Viewpoint: Measure V protects residential neighborhoods throughout Menlo Park

by John Boyle on October 14, 2022

A few years ago, Menlo Park switched from holding citywide council elections to a district-by-district approach. Menlo Park was divided into five districts, and now voters in each district elect just one representative.

Increasing representation from various neighborhoods is no doubt a good thing, but it has some downsides. Most significantly, each council member now is accountable only to their district. Previously, council members knew that they’d have to answer to all voters from every neighborhood. It didn’t matter where they lived: each neighborhood held the potential to organize and vote out any council member.

I don’t mean to suggest that any of our current council members don’t care about the whole city. But it’s a big difference between caring versus being accountable to everyone.

Your neighborhood could be up-zoned tomorrow by just three council members, and you may not have the opportunity to vote for/against any of the three who made that decision. Even ignoring the potential impact of personal or political biases of individual council members, the lack of direct accountability is simply inconsistent with democratic principles.

The “No on V” advocates are trying to convince everyone that Measure V is somehow “anti-teacher” or “anti-housing” and will make development difficult throughout our city. That is a gross distortion. Measure V only addresses low density residential neighborhood up-zoning.

Given the lack of accountability on neighborhood issues, this simple “voter check” on up-zoning is needed. Vote yes on Measure V.

John Boyle is a former Menlo Park Vice Mayor and City Council member


Katie Behroozi October 15, 2022 at 4:04 pm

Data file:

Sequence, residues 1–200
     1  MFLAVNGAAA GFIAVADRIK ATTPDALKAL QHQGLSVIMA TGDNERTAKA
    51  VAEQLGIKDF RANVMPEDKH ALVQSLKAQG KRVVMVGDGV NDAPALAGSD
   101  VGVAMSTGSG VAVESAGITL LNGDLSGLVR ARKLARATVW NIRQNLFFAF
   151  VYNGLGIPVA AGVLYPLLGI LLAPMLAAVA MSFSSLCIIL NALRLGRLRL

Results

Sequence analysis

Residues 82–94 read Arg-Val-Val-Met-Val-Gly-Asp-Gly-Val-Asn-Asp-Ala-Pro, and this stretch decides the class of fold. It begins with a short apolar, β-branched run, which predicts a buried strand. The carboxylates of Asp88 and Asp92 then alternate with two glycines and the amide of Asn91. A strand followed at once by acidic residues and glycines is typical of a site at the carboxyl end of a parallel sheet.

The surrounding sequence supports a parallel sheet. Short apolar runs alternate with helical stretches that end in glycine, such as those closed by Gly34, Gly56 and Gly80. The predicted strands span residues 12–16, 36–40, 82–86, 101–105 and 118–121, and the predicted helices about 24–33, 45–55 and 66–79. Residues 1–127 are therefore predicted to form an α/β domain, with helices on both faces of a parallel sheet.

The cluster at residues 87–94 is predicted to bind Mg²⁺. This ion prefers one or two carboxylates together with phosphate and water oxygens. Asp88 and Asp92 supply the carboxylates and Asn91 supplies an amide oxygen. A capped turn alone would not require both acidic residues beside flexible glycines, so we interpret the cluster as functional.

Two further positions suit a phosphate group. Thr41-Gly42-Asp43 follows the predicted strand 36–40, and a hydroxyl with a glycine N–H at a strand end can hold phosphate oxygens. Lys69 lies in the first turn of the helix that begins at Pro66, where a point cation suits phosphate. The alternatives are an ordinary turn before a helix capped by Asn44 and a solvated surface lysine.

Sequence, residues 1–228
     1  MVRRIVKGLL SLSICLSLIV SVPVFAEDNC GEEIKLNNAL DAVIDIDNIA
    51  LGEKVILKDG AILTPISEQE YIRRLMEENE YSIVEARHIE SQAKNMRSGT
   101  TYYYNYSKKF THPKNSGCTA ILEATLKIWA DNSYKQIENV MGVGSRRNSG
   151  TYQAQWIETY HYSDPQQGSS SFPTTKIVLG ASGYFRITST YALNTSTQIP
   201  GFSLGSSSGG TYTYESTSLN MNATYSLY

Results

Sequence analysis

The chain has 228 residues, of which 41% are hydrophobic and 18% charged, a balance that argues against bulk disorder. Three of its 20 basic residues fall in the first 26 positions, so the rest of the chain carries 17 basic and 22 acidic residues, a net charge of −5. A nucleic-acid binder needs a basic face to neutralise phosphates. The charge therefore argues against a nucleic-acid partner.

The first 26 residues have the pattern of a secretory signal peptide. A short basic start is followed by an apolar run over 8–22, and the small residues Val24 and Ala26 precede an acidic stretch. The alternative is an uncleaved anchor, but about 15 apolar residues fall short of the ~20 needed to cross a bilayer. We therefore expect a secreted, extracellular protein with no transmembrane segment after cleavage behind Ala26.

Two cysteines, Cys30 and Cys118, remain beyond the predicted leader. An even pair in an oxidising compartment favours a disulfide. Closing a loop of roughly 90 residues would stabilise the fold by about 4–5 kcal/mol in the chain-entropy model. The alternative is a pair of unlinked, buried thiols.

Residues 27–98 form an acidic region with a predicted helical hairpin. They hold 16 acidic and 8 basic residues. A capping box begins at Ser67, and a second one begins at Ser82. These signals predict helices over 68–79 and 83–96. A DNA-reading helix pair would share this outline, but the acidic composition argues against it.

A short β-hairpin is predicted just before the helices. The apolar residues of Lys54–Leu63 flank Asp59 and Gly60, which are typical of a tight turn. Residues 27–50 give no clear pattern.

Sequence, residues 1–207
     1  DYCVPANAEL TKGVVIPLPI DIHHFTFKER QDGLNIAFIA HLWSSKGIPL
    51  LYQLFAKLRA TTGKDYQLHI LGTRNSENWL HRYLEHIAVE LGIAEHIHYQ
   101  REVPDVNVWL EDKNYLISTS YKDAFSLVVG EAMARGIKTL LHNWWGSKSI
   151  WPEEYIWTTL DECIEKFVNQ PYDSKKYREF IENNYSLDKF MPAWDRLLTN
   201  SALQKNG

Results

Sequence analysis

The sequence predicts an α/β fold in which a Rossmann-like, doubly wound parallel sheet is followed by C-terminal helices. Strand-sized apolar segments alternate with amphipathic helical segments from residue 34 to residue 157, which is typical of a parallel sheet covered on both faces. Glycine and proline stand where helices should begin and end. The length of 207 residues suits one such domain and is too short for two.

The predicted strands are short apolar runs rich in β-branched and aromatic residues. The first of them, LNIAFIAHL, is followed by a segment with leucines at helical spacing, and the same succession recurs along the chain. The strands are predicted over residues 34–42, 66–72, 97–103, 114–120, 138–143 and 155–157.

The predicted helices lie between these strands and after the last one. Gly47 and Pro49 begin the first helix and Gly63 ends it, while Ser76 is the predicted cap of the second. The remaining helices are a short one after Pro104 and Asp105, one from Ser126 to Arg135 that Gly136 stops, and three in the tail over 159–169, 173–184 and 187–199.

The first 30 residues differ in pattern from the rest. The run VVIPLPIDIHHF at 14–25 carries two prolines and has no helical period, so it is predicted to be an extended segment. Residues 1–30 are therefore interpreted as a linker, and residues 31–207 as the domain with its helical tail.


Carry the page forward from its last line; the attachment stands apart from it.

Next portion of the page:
“The lack of direct accountability is simply inconsistent with democratic principles.”

I disagree. Getting to vote for one representative per district is how our representative democracy works, at every level of government except for the US Senate (and even there we only get to vote for 2/50). Of course everyone won’t always agree with the choices our elected representatives make while in office, and if enough people disagree (and support people who run against them), they get voted out.

In Menlo Park, for the first time, we have a representative for each region of the city – including, at long last, Belle Haven. Each of those representatives sitting on council was elected, fair and square, most in competitive races. Each ran on a distinctive platform of values, ideas, and concrete policy suggestions. Call them “biases” if you like – the main point is that none of them was a blank canvas, and apparently enough voters agreed with them to put them in office.

The new geographic balance on council is reflected in the recent draft housing element, which differs from previous general plan updates by distributing proposed zoning changes more evenly around the city (not just in D1). It was this council’s opportunity to shape the future of our city and they did so in remarkably conventional fashion – effectively leaving R1 neighborhoods untouched. As the Almanac wrote in their recent editorial, “council members are not going out of their way to destroy Menlo Park’s suburban neighborhoods.” (

You hypothesize that, with district elections, 3 out of 5 council members could theoretically upzone a single neighborhood that none of them represents. But under the system we get if Measure V passes, a single zoning decision affecting one neighborhood could be made by a simple majority of the voters in our city – voters who aren’t elected by any of us and are definitely not accountable to anyone. I haven’t seen any evidence that the majority of voters in our city are particularly concerned about development projects that impact one neighborhood – have you?

A lot of folks around here probably remember Measure M, which was started by the Allied Arts neighbors to try to affect the scale of the projects along El Camino. It didn’t work out the way they’d hoped – they lost, and it wasn’t close. (The council members running at-large on the Measure M platform lost too.) It was an expensive, divisive election that left deep scars in our community. This one is feeling pretty similar. Let’s not sign up for more governing-by-referendum, please.

District elections are a normative part of a healthy representative democracy. Forever delegating some subset of land-use decisions to voters is a solution in search of a problem – and doing it because you don’t happen to like some of the people sitting on council right now is nonsensical.

Jacqui D Cebrian October 15, 2022 at 9:30 pm

Really well said, Katie. I completely agree.

Valerie October 17, 2022 at 5:41 pm

As always, John, is a true treasure for this city.

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